- Document Tracking
- Document Management
- Calendaring and Scheduling
- Records Management
- Time Tracking
- Accounting
- Billing
- Email Integration

Practice management software typically offers integration with other
software products and synchronization with PDA's. Software support
typically includes some of the following:
- GroupWise and Outlook
- HotDocs
- Word and WordPerfect
- TABS III (Time and billing software)
- Timeslips (Time and billing software)
- WorldDox (Document management software)

A basic overview of the cost and features of the most popular practice
management software can be found on the website. The
author, Wells Anderson, is a law firm technology consultant based in

For billing and accounting, common packages include:

- PCLaw


- Timeslips

For automated calendaring, law firms commonly use CompuLaw

For automated document production, commonly used products include:

- Adobe Acrobat

- HotDocs

C. Is there a market for products or services which involve automating
the creation and revision process of legal documents, where they would
be made into modules, with rules governing how modules interact?

There is certainly a market for such products and services. There are
many consultants who offer training and programming services, focusing
on document automation, typically using HotDocs,

HotDocs has the advantage of having a broad law firm user base, as
well as being part of the LexisNexis Group, one of the world's largest
publishers of legal products. Services to law firms include training
law firm staff how to use automated forms, training staff members and
attorneys how to create automated forms, and the actual creation of
automated form libraries. Forms can be programmed to include a broad
number of contingencies, so as to help prevent the accidental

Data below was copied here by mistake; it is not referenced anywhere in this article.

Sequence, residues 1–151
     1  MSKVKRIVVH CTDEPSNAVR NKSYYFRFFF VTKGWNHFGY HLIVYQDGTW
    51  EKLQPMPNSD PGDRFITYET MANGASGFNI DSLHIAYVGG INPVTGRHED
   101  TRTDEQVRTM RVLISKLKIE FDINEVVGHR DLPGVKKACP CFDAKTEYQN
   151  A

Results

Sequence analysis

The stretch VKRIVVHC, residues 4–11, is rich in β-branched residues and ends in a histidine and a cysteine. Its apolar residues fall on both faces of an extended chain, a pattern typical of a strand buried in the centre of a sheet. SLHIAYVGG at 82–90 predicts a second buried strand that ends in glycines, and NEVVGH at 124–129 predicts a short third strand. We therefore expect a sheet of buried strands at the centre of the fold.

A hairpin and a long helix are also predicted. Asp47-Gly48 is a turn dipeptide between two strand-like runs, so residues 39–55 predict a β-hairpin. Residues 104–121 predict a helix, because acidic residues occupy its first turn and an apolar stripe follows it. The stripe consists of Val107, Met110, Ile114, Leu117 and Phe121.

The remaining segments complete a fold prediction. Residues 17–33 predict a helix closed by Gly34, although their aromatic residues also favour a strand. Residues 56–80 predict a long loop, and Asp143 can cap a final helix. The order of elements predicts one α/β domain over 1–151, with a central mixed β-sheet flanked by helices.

inclusion of inconsistent or conflicting language.

D. Is there a market for a product or services to help manage the
exchange of various drafts of documents with clients or adverse

There is a market for products or services that help manage drafts of
documents. Due to the importance of keeping track of documents, all
responsible law firms have systems of document management. As part of
that system, a commercial firm may have an extranet where the firm and
its clients can exchange revisions of a legal document through a
secure server, which automatically keeps an archive of all prior

Companies such as Visioneer are also devoting considerable energy to
creating products to help law firms manage paper documents as
electronic files. Amicus Attorney has integrated support for the
Visioneer PaperPort: 

Smaller firms often have difficulty, both in terms of perceived
expense and manpower, developing and implementing systems which can
help them reduce their reliance on paper records, or facilitate their
access to important documents. While larger firms have often devoted
considerable resources to their document management systems, there
remain many smaller firms which could benefit from this type of

E. Is there a need for a product which would monitor the progress of a
case, help manage new developments or documents filed in association
with the case, and monitor important events and deadlines?
Yes. Broadly speaking, this is what the law practice management
software, outlined above in Section II, attempts to do.

II. The Law Office Technology Consulting Service